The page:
Immediately, we agreed to create a pilot program, and started a tradition of weekly meetings over coffee. During these meetings we discussed implementation of the protocol, identifying what information counselors need to supply and the inevitable blips in implementation. We identified all needed initial documentation to be supplied during the victim advocate counselor's initial visit to the emergency room.
Next, we spoke with a doctor and a sexual assault nurse examiner (SANE) on how the prescriptions should be written, and how the patients would access medications. Additionally, Ms. Moore scheduled meetings with other victim advocate counselors to ask questions, and I, along with other pharmacists and technicians in my store, garnered insight about ways to implement the PEP program.
We set out to accomplish two goals with every first encounter: speediness and discretion. During the first visit when the patients come in with counselors, their paperwork goes to the front of the line. When all paperwork is in order, we try to fill their prescriptions within a 10-20 minute window. In addition, the pharmacy staff is discrete in handling these scripts. Furthermore, I have an HIV counseling certification in Alachua County, and I am able to talk with the counselor and patient in the pharmacy's private counseling room.
During the second visit, Walgreens wanted to provide even better service. In one of the pharmacies in this program, we offer next-day shipping, or if they reside in Gainesville, courier service can be provided to the home. Another reason for courier service is to avoid triggering the patient. Offering these service options is increasingly helpful especially when a patient does not have transportation. Since March 2015, we have provided PEP to five patients. While the number of patients served is not high, witnessing the relief on the patients' and the counselors' faces has been priceless.
We currently have this pilot project in two pharmacies: the pharmacy in which I work, and a 24-hour Walgreens pharmacy. The pharmacists and staff in both sites were given an intake orientation to discuss procedures, and the importance of helping sexual assault patients. Subsequently, the pride and professional accomplishment of everyone soon became evident. As a result of tireless effort to initiate this program, two store managers have attended local Coalition Against Sexual Violence (CASV) meetings facilitated by Victim Services and Rape Crisis Center. It was evident that the presence of Walgreens staff was very much appreciated by members of the coalition. The presence of Walgreens staff demonstrated commitment to the PEP program. In my opinion, too often their requests for PEP assistance have been met with, "No," or resulted in no action. However, we at Walgreens continue to do our best to find ways to say, "Yes."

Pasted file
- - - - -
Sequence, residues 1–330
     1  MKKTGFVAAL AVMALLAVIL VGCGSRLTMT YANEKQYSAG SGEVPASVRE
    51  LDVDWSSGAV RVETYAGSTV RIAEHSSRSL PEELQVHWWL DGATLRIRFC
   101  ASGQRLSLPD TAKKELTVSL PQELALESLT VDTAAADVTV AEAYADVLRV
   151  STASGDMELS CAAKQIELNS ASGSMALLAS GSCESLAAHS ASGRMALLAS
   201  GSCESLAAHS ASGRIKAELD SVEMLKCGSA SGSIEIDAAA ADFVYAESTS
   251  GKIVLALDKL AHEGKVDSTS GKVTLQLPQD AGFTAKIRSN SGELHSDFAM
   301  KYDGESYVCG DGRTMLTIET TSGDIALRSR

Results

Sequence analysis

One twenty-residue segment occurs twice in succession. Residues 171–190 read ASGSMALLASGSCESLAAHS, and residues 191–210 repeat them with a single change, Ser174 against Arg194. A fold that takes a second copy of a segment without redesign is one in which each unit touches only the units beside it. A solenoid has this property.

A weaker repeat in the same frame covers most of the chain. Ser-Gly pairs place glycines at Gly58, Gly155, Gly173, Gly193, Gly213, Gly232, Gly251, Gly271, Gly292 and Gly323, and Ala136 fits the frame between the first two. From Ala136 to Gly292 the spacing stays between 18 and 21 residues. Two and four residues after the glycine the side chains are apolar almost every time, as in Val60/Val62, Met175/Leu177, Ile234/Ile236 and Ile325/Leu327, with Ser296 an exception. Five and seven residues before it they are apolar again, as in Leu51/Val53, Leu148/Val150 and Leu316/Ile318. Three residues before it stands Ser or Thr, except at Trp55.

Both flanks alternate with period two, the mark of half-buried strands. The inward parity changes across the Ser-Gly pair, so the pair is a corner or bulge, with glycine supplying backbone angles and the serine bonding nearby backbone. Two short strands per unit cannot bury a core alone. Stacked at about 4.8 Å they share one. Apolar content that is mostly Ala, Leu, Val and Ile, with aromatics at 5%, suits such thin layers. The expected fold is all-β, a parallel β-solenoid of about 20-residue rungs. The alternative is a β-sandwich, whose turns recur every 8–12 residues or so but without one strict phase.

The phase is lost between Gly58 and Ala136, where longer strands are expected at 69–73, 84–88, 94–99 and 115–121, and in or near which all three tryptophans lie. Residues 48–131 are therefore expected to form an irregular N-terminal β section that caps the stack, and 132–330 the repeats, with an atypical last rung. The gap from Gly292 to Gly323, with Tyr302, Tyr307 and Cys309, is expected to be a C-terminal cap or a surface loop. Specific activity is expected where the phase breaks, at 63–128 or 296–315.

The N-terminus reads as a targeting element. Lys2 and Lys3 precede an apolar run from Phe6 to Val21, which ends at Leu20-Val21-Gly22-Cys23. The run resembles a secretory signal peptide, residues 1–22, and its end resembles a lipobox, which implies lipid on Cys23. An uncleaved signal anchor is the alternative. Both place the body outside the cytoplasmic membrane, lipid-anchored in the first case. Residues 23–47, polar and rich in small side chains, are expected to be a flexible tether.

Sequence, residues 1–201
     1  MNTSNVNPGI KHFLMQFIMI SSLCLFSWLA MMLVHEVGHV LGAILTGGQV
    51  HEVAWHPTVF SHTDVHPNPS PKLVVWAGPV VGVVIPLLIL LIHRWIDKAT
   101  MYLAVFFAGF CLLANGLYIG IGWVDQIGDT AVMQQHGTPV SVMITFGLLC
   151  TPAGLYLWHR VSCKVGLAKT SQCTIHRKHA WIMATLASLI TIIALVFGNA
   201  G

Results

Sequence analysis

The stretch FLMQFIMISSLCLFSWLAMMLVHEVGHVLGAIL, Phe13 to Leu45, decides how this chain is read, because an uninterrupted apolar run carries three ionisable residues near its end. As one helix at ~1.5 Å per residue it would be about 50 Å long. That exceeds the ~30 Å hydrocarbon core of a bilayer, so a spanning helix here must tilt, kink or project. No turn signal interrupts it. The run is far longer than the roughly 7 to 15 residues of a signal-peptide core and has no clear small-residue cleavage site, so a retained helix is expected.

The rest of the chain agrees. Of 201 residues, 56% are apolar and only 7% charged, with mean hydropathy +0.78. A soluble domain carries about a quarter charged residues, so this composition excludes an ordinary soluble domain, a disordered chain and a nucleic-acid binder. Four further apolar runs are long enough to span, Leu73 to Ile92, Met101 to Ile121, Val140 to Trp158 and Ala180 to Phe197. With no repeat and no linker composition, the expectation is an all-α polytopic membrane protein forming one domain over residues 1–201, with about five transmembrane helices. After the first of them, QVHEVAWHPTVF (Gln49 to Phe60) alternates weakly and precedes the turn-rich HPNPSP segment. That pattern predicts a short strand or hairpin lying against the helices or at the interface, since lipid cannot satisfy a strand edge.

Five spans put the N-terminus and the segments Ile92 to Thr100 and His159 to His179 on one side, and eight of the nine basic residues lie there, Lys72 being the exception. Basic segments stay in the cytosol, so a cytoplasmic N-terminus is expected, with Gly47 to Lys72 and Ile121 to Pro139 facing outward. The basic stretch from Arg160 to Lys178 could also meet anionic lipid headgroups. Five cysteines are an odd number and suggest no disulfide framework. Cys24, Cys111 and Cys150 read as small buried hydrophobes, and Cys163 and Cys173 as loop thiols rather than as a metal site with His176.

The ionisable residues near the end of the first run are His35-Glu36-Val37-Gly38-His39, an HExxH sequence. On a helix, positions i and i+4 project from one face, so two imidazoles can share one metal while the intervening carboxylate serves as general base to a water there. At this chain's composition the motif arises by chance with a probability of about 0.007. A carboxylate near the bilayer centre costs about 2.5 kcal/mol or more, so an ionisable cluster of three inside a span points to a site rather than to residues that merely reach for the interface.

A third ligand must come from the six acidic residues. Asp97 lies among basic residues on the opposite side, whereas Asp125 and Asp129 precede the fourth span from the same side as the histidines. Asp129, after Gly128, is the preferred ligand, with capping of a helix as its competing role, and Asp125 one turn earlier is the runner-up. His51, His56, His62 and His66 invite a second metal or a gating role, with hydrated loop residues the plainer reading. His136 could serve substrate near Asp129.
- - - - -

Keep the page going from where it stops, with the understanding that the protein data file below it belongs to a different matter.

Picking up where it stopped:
My victim advocate liaison has introduced me to so many organizations in the community that provide assistance and support to victims of sexual assault. These organizations include ER staff, the University of Florida, Alachua County Sheriff's Department, Gainesville Police Department, the state attorney's office, and Peaceful Paths (a local domestic violence agency). I have continued to attend CASV meetings to share information about the program, and gather feedback about how we can improve in the future. We are moving cautiously and carefully to identify ways of expanding other areas of PEP. It is with great hope and planning that other stores will get involved and help fill gaps in PEP care in other underserved parts of the country.